Directed Technological Change and Total Factor Productivity. Effects and Determinants in a Sample of OECD Countries, 1971 – 2001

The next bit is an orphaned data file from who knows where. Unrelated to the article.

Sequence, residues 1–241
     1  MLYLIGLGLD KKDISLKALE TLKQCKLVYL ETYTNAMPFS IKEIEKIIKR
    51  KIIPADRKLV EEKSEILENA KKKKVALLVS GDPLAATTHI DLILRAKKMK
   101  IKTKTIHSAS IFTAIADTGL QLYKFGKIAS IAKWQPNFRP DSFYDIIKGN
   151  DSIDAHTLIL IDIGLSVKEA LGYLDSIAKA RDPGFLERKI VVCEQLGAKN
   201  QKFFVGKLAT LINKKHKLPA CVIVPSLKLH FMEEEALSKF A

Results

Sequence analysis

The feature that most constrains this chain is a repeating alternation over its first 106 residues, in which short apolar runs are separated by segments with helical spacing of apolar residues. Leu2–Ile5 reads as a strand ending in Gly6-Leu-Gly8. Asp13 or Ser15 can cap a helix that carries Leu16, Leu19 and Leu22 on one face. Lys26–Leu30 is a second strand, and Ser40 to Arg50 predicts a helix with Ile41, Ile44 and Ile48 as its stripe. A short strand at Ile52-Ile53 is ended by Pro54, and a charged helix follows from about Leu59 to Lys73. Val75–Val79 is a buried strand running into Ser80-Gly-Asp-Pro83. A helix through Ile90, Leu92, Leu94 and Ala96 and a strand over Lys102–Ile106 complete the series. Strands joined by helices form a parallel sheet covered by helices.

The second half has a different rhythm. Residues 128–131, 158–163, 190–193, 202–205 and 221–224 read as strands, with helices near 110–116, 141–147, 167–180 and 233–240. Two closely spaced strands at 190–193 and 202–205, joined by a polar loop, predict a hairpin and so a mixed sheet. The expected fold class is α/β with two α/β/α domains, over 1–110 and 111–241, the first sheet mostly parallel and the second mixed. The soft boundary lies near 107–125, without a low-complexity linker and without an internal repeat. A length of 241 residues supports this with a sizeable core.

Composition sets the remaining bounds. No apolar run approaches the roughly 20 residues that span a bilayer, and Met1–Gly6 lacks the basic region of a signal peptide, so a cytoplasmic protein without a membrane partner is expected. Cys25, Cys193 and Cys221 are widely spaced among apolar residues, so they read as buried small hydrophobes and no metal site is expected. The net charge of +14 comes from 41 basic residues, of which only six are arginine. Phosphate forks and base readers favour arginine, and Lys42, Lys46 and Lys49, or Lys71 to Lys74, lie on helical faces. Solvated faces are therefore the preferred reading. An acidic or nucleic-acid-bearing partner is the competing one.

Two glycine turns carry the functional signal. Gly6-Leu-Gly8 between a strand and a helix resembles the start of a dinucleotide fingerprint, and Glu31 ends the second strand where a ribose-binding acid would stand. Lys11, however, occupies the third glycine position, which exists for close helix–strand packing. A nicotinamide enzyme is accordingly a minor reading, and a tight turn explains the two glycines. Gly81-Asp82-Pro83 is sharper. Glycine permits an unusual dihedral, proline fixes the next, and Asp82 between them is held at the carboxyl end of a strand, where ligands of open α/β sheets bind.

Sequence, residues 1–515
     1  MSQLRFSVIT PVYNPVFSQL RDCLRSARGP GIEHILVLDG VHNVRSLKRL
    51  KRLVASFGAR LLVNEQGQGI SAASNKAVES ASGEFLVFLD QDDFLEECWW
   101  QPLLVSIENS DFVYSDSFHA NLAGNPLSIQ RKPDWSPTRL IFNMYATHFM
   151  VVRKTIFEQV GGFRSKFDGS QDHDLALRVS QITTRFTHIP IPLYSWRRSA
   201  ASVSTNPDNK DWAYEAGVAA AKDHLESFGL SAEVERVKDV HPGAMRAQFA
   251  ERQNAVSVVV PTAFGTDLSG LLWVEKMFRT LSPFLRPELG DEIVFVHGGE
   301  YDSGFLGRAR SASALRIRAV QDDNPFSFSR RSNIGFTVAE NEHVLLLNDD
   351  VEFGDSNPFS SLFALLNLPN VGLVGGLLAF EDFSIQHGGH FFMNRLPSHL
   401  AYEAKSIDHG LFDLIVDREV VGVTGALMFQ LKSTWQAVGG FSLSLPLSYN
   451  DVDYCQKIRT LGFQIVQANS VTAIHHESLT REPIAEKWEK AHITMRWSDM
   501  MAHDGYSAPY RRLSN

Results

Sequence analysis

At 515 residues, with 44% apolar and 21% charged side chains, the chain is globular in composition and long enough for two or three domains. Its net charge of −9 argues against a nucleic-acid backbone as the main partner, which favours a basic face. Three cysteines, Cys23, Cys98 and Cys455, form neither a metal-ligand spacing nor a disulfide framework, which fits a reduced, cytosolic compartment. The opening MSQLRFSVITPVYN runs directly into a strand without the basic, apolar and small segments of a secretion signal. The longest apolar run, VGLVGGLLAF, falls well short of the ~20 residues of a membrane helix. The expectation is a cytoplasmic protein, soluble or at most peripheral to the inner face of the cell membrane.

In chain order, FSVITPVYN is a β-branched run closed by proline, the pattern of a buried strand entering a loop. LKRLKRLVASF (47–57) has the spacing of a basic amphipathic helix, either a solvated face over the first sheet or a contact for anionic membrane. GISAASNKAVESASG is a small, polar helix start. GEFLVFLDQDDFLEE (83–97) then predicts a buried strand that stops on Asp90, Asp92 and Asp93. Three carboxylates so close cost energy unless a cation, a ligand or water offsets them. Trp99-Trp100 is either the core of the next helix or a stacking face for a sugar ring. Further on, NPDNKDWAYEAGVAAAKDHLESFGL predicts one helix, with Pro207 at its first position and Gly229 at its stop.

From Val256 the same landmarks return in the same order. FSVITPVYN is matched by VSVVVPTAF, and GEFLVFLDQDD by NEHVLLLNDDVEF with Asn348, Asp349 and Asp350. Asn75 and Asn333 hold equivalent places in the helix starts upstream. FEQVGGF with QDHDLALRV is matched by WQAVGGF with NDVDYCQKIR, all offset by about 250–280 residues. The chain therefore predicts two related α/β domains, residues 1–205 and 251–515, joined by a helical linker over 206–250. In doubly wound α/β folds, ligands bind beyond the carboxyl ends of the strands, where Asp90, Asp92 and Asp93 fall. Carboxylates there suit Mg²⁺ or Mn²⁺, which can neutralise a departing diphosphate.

Technological change is far from neutral. The empirical analysis of the rate and direction of technological change in a significant sample of 10 OECD countries in the years 1971-2001 confirms the strong bias of new technologies and its effects on the actual levels of total factor productivity. This is not surprising for two reasons. First, because the introduction of new and biased technologies can be considered as the result of a clear inducement mechanism exerted by the characteristics of factor markets. Second, because the introduction of radical innovations, such as new information and communication technologies, provides innovators with a strong competitive advantage and feeds the creative destruction of old incumbents. Imitators, especially if based in other factor markets, can try and resist the decline by means of the systematic effort to adapt them to the structure of local endowment. The bias effect is the ultimate result of their creative adoption.
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